What of Norway? Last week, at a security conference in Munich, Prime Minister Erna Solberg told VG that her country will accept returning ISIS jihadists who have Norwegian citizenship. Will any of them be put on trial? Hard to imagine, at least with Solberg in power.

Germany? In January 2018, the Jerusalem Post reported that the Berlin government believed that over 960 people had left Germany to fight for ISIS, and that about a third had already returned home. In that country, too, the goal is “deradicalization.” Although state, not federal, officials are responsible for carrying out that process, the federal government provides “support for families of those who left Germany to fight for Islamic State” and, since last year, has funded programs “to educate and deradicalize returning foreign fighters.” Not a whisper about prosecution or punishment. This past Sunday, a statement by the German Interior Ministry asserted that “all German citizens, including those suspected of having fought for the so-called IS, have the right to return to Germany.” It further indicated that Germany’s goal is to “deradicalize returnees.” Notwithstanding that 2014 Guardian mention of thirty arrests of returned jihadists, the German Interior Ministry made no mention of putting any of these returnees on trial.

Let’s move on to the European country that has contributed more members to ISIS than any other. That would be France. According to one report, as of last August, when it had “1600 people in prison on terrorist offences…including returnees,” France had “made clear that it has little desire to repatriate and try those returnees who committed terrorist offences off the battlefield.” On January 31, the Guardian quoted French Interior Minister Christophe Castaner as saying that all ISIS members returning to France would be locked up at once and put on trial. Also quoted was Prime Minister Édouard Philippe, who declared that it was better for French jihadists to be “judged, convicted and punished in France rather than disappearing to plan other actions, including against our country.” This past Saturday, the same newspaper quoted a professor at Ghent University as saying that, of all the countries in Europe, only France wants its ISIS members back.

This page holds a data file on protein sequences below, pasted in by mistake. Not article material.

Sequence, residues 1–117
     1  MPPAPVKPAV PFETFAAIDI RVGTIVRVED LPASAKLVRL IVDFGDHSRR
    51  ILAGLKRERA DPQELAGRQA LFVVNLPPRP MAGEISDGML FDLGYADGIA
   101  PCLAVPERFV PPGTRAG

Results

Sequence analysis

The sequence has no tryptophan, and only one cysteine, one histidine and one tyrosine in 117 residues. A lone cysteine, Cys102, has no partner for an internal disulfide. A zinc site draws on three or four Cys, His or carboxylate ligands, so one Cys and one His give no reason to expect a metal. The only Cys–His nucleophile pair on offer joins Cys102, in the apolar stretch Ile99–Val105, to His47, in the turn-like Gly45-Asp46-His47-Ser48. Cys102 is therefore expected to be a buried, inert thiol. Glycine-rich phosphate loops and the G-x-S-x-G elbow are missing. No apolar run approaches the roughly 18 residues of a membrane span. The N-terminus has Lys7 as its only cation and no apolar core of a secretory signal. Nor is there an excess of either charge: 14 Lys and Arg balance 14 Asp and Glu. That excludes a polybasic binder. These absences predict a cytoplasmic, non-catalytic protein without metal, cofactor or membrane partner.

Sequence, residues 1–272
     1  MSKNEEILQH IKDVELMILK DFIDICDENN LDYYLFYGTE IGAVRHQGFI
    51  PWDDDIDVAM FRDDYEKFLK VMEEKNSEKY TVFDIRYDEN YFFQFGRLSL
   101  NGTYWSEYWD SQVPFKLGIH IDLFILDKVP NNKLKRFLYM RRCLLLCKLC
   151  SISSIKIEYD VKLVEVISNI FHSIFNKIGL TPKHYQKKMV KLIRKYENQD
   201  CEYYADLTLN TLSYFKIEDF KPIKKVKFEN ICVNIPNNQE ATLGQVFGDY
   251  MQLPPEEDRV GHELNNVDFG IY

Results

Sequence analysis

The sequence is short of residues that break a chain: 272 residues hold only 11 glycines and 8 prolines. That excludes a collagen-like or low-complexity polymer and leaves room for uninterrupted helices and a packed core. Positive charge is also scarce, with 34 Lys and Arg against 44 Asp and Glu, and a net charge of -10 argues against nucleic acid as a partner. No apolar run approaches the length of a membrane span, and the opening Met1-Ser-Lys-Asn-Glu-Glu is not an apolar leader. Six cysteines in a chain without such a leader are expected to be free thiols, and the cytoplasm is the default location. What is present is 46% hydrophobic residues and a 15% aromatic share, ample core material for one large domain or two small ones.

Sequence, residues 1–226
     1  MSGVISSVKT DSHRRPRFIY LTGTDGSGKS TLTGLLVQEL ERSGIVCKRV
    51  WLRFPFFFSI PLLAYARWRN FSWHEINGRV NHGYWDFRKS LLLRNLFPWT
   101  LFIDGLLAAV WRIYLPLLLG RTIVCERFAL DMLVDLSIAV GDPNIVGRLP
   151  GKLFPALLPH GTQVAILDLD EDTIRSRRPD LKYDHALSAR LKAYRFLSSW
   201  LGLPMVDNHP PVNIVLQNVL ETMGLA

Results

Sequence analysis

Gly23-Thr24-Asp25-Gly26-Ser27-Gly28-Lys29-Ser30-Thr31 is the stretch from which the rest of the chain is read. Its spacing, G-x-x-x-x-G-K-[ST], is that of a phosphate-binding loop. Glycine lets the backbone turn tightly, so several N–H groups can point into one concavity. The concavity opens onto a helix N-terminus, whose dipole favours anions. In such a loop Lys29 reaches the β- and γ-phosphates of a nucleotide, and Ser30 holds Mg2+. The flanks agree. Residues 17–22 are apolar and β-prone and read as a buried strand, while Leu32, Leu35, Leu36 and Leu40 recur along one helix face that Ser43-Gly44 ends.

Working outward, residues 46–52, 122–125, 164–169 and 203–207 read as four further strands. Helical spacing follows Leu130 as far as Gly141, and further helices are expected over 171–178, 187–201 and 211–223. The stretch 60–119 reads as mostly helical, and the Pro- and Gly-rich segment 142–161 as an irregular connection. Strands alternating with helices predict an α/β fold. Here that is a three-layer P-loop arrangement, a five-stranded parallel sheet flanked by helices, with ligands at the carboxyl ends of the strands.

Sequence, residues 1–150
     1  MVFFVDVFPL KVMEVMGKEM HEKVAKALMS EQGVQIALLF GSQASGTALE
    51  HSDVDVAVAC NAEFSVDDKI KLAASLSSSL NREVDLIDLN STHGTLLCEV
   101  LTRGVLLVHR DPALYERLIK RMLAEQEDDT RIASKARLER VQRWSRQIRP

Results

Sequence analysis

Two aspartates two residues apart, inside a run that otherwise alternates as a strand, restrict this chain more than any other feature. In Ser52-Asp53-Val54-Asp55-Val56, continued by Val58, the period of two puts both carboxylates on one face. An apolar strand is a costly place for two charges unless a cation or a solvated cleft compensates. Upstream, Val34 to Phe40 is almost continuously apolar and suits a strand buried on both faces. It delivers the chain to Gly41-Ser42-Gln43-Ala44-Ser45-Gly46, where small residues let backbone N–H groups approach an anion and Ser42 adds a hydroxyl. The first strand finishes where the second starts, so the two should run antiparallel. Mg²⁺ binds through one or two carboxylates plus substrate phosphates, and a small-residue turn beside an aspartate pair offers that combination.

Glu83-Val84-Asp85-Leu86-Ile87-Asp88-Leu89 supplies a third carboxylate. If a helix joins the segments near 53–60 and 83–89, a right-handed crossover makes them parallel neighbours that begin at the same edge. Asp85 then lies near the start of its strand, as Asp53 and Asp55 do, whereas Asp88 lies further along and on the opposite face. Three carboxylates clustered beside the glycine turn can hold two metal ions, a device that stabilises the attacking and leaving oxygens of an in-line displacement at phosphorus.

One last country: Belgium. A February 2018 Egmont Institute report noted that while its terrorist laws had been beefed up and returnees were “now more likely to be prosecuted and condemned for terrorism than they were before,” most Belgian returnees were not behind bars at that time. The most important detail in the report was this: “returnees are typically sentenced to 5 years in jail.” Yes, five years. Five. Such grotesquely brief sentences are, alas, par for the course in western Europe.

And that’s the ultimate problem here: our allies may be willing to go along with Trump and prosecute at least some of these barbarians, but their tame punishment regimes haven’t been overhauled to take into account the realities of the world we now live in. In most of these countries, most of these savages, if locked up at all, will get ridiculously short sentences in cells far nicer than they deserve, then be released into the general population, where they’ll pose an ever-present danger to everyone around them. As Danish Defense Minister Claus Hjort Frederiksen said the other day about the prospect of giving ISIS terrorists a Danish trial: “They have beheaded people, raped women and children and sold people,” he said. “For me, it is paradoxical for those militants to now claim Western norms regarding protection of rights.”

Perhaps what each of these countries really needs is its own Guantánamo. But what are the chances of that happening? Besides, even if every last one of these monsters could be fenced in forever on, say, the island of St. Helena, what to do about the innumerable sons and daughters of Allah who, though they themselves never went to fight for ISIS, cheered on the caliphate from the safety of their homes in the West?